Macular Disease

Macular Disease Specialist
Wagner Macula & Retina Center specializes in the diagnoses and treatment of macular disease and degeneration. The healthcare professionals at the facility serve the residents of the Hampton Roads area that extends from Virginia across to North Carolina.

Macular Disease Q & A

What is Macular Disease?

The macula of the eye is the portion of the retina that allows a person to focus on the fine details, such as reading, writing and pinpoint focus. It's the central portion of the retina and is most often what's affected by disease and degeneration. Macular degeneration is caused by the deterioration of the central portion of the retina. Macular edema is the result of inflammation and swelling in the area. Any type of macular disease can result in permanent vision loss if left untreated. Blurred vision, floaters and wavy lines are all indicators that some form of deterioration has occurred.

What Causes Macular Degeneration?

Doctors don't know what causes the macula to deteriorate. They do, however, understand that as a person ages, the macula begins to deteriorate. Macular degeneration continues as the person ages, causing difficulties when trying to see things that are extremely close or highly detailed. While age can speed up the deterioration of the tissues, doctors do believe that factors such as smoking, genetics, obesity and cardiovascular disease can also play a role. There are two types of macular degeneration, the "dry" form is the most common and is characterized by blurred and distorted vision. "Wet" macular degeneration is caused by leaking blood vessels that form behind the retina.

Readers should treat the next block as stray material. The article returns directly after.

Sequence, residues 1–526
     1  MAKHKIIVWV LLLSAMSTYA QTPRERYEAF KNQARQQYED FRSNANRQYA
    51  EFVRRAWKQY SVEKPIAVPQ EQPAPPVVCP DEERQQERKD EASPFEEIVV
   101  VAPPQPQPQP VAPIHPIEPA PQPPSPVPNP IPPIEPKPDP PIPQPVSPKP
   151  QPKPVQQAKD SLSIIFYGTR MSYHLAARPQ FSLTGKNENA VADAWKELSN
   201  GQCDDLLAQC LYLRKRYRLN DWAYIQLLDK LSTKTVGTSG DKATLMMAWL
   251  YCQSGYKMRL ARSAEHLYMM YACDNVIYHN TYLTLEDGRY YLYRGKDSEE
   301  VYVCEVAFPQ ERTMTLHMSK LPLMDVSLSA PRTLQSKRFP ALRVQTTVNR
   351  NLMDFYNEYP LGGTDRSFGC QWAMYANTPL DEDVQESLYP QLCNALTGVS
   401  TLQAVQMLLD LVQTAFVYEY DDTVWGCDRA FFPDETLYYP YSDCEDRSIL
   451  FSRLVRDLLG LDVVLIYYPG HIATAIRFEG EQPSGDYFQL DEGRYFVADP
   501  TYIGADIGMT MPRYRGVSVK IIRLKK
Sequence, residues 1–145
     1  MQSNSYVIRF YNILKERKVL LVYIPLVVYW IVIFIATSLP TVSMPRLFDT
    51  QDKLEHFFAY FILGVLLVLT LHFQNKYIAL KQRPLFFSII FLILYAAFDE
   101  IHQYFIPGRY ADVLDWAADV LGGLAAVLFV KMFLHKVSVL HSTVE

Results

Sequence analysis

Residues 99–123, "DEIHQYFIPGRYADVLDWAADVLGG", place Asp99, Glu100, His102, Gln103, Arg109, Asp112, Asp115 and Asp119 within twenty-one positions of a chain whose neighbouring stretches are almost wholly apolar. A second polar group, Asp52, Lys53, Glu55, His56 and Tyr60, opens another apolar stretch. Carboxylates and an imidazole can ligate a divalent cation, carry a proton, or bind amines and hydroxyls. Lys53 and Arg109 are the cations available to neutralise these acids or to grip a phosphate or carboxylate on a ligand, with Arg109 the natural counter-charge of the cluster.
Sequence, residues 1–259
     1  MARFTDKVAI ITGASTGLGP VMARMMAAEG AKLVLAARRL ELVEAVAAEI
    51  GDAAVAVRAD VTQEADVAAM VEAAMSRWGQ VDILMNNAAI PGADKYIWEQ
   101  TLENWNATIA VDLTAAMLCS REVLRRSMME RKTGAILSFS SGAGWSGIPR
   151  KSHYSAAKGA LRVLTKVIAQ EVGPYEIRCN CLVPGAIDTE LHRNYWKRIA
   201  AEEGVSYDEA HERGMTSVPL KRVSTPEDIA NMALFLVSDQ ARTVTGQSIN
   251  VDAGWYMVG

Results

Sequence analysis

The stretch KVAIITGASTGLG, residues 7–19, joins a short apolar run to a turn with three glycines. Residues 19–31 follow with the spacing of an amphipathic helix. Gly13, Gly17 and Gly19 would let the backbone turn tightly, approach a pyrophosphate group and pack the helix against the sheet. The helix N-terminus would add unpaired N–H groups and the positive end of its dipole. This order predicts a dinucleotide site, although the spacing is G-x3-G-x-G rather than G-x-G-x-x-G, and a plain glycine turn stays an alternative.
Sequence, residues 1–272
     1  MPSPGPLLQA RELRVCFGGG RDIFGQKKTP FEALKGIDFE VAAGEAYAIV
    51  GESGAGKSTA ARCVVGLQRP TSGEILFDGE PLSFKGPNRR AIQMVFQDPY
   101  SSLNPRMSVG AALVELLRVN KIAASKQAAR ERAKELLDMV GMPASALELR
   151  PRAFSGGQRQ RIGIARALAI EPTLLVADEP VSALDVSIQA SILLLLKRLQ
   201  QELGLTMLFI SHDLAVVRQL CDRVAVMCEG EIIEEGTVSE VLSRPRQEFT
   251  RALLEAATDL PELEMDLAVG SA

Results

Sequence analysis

How are Most Forms of Macular Disease Treated?

When the macula portion of the retina becomes damaged, either through aging or disease, total blindness normally doesn't occur. Macular disease normally only affects the central portion of a person's vision, leaving the peripheral, or side vision, intact. Low vision rehabilitation is the most common form of treatment. Occupational therapists and individuals who have received extensive training in low vision rehabilitation are often able to help a person adapt to the changes in vision. Small telescopic lenses may also be surgically implanted in the eye to restore most of the person's vision, or at least part of it. 

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